How to Overcome Procrastination in 4 Steps
written by Beth Kurland Ph.D., published on Psychology Today
The other day at a friend’s house I watched a squirrel as she tried for an hour or so to get at the seeds in the hanging bird feeder, where an array of stunning birds were enjoying their dinner. She was persistent, determined, persevering and purposeful, even though she never succeeded at getting an ongoing mouthful of tasty seeds that she clearly wanted. I marveled at her determination in the face of a situation in which most humans would surely have given up long ago or maybe wouldn’t have tried in the first place. What made her pursue her goal with such passion and commitment?
I imagine she may have had two things going for her:
First, she likely didn’t have an inner dialogue in her head about the whole event (e.g, “Oh boy, this is going to be a lot of work, this isn’t going to be fun and what if I don’t succeed? Eh forget it, I’d rather sit in the sun and watch the grass so I can avoid the effort of the whole thing.”) And she likely didn’t have a self-critical narrative (e.g., “What’s wrong with me that I can’t do this? Some of the other squirrels have figured out how to hack into bird feeders so why can’t I? What will the other squirrels think of me? This is too difficult so I’m just going to give up. What’s wrong with me anyway?”)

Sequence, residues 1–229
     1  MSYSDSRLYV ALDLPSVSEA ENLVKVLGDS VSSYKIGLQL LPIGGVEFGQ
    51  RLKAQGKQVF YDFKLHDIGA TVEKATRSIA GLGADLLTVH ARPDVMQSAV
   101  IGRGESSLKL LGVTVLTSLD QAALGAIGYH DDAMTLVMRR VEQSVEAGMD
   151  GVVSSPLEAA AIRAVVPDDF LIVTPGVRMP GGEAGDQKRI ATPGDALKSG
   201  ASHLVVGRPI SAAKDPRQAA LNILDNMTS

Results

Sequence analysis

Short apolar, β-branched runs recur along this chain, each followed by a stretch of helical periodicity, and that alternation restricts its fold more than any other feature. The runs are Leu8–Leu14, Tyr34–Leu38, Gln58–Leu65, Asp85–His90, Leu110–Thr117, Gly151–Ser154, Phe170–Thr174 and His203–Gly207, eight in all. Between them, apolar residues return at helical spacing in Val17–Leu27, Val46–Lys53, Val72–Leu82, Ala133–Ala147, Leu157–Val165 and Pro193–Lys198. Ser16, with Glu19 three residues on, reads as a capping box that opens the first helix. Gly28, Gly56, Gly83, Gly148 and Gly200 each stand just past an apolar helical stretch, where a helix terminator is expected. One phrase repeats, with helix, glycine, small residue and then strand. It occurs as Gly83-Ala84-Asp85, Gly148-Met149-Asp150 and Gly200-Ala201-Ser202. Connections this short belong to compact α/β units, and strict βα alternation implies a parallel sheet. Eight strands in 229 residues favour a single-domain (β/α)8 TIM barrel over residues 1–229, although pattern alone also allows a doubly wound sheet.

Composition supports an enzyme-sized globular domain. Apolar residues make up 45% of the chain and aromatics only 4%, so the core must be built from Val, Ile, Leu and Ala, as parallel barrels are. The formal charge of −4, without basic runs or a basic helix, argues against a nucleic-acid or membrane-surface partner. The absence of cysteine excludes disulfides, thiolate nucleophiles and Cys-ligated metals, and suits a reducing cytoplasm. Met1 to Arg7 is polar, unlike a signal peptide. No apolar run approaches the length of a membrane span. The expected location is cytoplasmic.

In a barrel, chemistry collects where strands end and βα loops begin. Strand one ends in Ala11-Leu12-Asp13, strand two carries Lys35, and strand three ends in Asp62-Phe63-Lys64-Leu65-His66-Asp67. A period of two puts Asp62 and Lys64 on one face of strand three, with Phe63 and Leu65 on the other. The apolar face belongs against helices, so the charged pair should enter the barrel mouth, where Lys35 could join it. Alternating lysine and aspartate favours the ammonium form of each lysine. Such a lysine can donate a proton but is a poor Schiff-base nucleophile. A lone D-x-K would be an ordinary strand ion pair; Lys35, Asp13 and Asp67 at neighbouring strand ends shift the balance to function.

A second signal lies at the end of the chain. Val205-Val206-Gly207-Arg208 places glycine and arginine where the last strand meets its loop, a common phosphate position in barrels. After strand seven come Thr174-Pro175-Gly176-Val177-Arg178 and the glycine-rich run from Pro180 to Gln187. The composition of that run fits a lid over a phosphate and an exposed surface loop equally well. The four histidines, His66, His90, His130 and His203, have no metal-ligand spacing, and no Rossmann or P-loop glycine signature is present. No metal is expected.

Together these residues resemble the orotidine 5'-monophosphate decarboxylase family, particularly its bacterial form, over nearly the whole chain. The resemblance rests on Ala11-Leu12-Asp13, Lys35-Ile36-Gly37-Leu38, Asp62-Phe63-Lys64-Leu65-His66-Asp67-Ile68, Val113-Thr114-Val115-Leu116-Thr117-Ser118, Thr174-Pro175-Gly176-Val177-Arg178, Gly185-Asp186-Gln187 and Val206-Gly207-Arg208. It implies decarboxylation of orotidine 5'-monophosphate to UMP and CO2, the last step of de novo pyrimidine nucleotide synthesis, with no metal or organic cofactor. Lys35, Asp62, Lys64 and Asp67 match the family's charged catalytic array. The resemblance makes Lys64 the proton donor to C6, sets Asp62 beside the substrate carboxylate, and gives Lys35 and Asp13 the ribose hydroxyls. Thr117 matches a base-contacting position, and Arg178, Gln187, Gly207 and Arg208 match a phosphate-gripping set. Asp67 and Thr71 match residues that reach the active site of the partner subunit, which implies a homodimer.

Second, because of her persistence, she occasionally knocked a seed or two out of the bird feeder and onto the ground. This intermittent reinforcement (once in a while getting a “win” — even if a partial one, in the face of many unsuccessful tries) is one of the most powerful motivators of behavior (think no further than a casino to grasp this concept).